The CSI Effect: Are Cop Shows Brainwashing Us?

The CSI EffectThe CSI Effect is a real condition that’s influencing jurors across the globe. In its most basic form, people who watch cop shows like CSI, Criminal Minds, NCIS, and Bones, to name a few, tend to either discount expert testimony at trial or put too much weight on weak forensic evidence.

Let’s look at a couple of examples.

In the Robert Blake—aka Barretta—trial, there was little forensic evidence linking him to his wife’s murder. But the circumstantial evidence was overwhelming. On the night of May 4, 2001, Bonny Lee Bakley was shot twice—once in the head; once in the shoulder—while she sat in the passenger seat of Blake’s car.

After getting behind the wheel, keys in the ignition, Blake suddenly remembers he left his .38 in the booth at Vitello’s restaurant, where the couple had just eaten their last meal together. At the time they were involved in a custody dispute, and they went out to iron out the details…allegedly. Rather than driving the block-and-a-half to the restaurant, Blake decided to walk. During the time it took him to retrieve his gun—how someone leaves their gun in a restaurant is mind-boggling all on its own—and return to the car his wife was shot and killed.

The murder weapon was not a .38. It was a Walther P-38 pistol, which was found the next morning in a dumpster near the crime scene. Investigators found gunshot residue (GSR) on Blake’s hands, but the defense claimed it could’ve been transferred from Blake handling his .38. And that’s the thing about GSR; it very well could have. However, the jury disregarded the overwhelming circumstantial evidence, like Blake trying to hire not one but two hitmen in the weeks before the murder. Or witnesses who testified that Blake did not go to his wife’s side to comfort her as she bled out, that his behavior seemed disingenuous, and his tearless crying appeared forced. Police found a note in Blake’s handwriting that looked like a murder plot to kill his wife and bury her in the desert. Additionally, no wait staff or patrons could verify Blake’s alibi that he’d re-entered the restaurant that night.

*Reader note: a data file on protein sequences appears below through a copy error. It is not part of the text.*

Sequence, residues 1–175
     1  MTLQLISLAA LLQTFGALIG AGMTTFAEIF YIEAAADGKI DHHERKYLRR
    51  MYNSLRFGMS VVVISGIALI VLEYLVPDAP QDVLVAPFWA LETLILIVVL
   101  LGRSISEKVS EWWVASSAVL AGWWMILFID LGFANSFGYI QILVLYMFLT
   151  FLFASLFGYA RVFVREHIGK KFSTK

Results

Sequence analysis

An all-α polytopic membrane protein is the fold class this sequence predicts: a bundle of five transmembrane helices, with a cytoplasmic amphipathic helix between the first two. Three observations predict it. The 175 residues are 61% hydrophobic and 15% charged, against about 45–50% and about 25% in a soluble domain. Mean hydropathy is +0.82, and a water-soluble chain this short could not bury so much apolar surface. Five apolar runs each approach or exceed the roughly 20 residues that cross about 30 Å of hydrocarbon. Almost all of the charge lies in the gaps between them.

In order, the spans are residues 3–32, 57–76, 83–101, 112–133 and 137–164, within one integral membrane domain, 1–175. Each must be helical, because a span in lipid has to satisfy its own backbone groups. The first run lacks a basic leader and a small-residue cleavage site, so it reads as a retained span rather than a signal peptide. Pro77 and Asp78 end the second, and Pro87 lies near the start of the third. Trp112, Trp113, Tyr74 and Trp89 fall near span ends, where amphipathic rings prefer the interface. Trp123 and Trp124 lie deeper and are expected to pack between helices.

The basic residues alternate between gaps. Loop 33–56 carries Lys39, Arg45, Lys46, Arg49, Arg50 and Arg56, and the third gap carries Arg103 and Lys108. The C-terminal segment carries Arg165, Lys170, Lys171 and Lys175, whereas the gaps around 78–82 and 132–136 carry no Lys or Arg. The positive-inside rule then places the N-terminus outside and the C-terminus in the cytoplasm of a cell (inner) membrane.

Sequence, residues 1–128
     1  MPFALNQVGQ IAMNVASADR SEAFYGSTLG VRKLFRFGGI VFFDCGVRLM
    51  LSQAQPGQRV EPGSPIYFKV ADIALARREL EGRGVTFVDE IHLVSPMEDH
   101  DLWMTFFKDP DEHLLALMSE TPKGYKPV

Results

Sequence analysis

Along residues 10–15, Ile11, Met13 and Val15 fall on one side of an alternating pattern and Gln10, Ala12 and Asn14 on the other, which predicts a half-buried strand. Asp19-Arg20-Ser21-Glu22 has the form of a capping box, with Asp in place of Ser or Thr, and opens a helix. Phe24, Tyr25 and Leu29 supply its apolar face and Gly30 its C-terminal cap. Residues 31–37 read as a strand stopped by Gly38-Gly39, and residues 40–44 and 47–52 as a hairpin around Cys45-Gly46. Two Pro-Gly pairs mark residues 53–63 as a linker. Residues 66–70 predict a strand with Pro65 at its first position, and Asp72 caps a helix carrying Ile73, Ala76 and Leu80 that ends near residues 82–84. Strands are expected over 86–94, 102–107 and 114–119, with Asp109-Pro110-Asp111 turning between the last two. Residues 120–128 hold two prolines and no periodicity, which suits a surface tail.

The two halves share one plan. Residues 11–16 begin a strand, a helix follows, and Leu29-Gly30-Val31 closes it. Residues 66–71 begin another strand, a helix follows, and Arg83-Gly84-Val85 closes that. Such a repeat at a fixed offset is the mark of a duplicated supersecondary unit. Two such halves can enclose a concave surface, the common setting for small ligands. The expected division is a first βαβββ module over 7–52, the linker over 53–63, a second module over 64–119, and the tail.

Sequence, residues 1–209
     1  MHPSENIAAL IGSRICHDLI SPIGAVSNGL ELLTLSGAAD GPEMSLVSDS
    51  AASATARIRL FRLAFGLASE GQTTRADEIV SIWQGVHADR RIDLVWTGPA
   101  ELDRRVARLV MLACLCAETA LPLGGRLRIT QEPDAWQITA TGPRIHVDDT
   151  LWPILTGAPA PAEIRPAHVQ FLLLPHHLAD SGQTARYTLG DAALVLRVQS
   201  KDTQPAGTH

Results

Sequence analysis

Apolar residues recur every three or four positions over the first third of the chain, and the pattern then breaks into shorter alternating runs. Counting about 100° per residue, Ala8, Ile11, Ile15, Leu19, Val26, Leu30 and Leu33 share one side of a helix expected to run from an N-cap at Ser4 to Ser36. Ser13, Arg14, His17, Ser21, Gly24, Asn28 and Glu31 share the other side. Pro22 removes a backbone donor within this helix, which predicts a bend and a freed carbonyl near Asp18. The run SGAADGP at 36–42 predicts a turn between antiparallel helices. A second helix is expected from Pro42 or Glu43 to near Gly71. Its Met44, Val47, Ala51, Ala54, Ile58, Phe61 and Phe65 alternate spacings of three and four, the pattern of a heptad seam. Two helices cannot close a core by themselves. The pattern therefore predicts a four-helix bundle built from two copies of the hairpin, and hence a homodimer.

Because of the CSI Effect, the jury also disregarded expert testimony and instead created their own timeline of events, resulting in a finding of not guilty.

The CSI EffectThe UK had a similar case where the jury relied on weak forensic evidence to convict Barry George rather than looking at the case as a whole. On April 26, 1999, British television presenter Jill Dando was shot and killed outside her home. Barry George made the perfect suspect because of his past history of obsessing over celebrities. However, police could find no evidence that he obsessed over Dando. At the time George was busy fawning over Freddy Mercury from Queen.